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Aust Dent J. 2007 Jun;52(2):144-9.

Dentition of addiction in Queensland: poor dental status and major contributing drugs.

Author information

1
Southcity Medical Centre, Brisbane, Queensland. sreece@bigpond.net.au

Abstract

BACKGROUND:

Although it is said that drug addiction is associated with poor dental health, there is little research in this area. In particular, there is little work comparing the effects of the different drugs of addiction.

METHODS:

A cross-sectional patient survey of dental health was undertaken in a family practice comparing opiate and other drug addicts (DA) with non-addicts (NA). The age range was restricted to 19-45 years. Damaged teeth were counted and a semi-quantitative score applied to severity to allow the calculation of an overall dental index. A medical review only was undertaken; recognized dental diagnostic criteria were not applied.

RESULTS:

There were 233 and 47 respondents in the DA and NA groups, respectively. The mean ages and gender ratios were similar in both groups. DA used more addictive drugs than NA (all P < 0.001). DA had more absent, traumatized, major cavitated and extracted teeth (all P < 0.05). Addicts had a worse severity index (P < 0.02) and dental index (13.13 + 24.00 vs. 4.74 +/- 16.03; P < 0.005). Furthermore, dental pathology developed in DA at younger ages than in NA with 56.8% vs. 5.4% of patients younger than 38 years having dental indices more than 10 respectively (OR = 22.98, 95% CI = 5.57-200.65, P < 0.0000001). At multivariate analysis age, gender, and dose and/or duration of tobacco, methadone, morphine, and alcohol were significantly associated with these pathologies.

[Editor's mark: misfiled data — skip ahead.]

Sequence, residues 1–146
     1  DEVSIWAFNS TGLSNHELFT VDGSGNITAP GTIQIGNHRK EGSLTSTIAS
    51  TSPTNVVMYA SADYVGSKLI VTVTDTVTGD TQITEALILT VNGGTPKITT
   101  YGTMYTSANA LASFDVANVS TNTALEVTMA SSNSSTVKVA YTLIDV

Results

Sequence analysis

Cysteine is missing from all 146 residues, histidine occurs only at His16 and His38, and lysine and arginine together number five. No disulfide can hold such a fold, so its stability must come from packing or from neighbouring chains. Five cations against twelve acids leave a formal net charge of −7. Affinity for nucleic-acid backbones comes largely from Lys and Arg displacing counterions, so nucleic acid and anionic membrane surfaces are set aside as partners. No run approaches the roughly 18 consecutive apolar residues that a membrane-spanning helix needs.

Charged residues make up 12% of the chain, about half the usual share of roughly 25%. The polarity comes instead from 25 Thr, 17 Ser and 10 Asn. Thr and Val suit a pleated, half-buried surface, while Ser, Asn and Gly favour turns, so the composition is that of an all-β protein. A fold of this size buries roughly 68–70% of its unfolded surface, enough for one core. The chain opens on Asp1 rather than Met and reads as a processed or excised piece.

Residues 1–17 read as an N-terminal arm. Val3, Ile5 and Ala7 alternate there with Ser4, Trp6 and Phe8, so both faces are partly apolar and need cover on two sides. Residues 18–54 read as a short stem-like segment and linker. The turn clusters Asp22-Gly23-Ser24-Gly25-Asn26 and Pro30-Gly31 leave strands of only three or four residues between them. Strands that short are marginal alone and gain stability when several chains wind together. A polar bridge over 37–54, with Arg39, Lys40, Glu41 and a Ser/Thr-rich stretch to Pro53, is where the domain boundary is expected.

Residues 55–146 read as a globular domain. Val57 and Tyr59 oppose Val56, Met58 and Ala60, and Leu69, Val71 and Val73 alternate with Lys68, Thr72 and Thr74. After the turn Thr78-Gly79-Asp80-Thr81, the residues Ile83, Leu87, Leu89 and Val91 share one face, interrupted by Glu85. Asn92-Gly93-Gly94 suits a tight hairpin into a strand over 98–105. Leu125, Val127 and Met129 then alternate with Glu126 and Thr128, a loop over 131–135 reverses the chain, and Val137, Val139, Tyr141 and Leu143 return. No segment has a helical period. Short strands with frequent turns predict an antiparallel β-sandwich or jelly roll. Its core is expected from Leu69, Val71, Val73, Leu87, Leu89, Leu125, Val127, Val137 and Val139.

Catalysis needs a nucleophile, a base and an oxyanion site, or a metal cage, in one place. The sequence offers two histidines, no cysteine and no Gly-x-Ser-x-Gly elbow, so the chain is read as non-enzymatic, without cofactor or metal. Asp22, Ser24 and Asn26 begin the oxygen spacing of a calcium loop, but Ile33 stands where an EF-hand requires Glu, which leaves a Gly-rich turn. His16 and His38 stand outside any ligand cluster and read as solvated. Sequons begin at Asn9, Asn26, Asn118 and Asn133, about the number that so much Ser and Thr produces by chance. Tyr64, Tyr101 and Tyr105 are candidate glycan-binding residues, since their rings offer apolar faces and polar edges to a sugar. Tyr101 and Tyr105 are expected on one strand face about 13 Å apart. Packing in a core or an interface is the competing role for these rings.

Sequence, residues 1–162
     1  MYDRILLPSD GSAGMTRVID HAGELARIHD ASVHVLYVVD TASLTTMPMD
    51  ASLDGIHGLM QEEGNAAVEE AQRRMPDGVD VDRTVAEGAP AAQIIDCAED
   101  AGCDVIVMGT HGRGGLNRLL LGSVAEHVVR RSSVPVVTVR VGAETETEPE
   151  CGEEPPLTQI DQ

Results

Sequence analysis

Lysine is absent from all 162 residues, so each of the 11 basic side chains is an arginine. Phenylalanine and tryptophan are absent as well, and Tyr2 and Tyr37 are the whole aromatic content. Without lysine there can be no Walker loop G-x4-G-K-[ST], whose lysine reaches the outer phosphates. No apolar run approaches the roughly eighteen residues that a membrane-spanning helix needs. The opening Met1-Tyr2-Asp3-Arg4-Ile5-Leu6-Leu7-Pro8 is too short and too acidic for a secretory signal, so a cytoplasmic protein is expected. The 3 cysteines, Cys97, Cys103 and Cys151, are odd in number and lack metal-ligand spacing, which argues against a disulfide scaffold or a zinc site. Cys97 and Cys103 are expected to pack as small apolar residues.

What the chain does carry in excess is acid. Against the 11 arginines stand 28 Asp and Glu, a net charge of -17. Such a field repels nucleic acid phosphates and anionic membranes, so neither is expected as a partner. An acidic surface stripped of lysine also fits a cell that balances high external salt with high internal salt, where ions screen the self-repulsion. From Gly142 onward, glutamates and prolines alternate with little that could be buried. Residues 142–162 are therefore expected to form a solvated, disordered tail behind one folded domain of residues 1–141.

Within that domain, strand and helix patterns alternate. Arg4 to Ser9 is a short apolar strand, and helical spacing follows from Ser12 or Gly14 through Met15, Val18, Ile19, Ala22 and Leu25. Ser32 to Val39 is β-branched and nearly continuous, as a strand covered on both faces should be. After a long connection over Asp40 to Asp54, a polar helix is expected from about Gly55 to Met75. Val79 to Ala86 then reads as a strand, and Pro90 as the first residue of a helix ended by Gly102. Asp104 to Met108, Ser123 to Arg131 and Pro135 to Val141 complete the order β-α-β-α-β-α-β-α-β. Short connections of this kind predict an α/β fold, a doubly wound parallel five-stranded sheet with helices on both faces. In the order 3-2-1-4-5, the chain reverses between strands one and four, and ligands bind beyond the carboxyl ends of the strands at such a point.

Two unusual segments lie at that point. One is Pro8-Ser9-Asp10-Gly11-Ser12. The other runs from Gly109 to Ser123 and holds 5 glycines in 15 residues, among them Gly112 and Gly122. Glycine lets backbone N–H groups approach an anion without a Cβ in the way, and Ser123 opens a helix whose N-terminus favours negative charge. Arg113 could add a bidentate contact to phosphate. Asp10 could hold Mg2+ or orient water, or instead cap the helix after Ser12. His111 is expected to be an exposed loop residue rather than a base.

CONCLUSION:

These data are consistent with published dental reports and basic science information that drug addiction has a deleterious effect on dental health, that in addiction this effect is rapid and severe, and that tobacco, methadone, morphine and alcohol contribute importantly to these changes.

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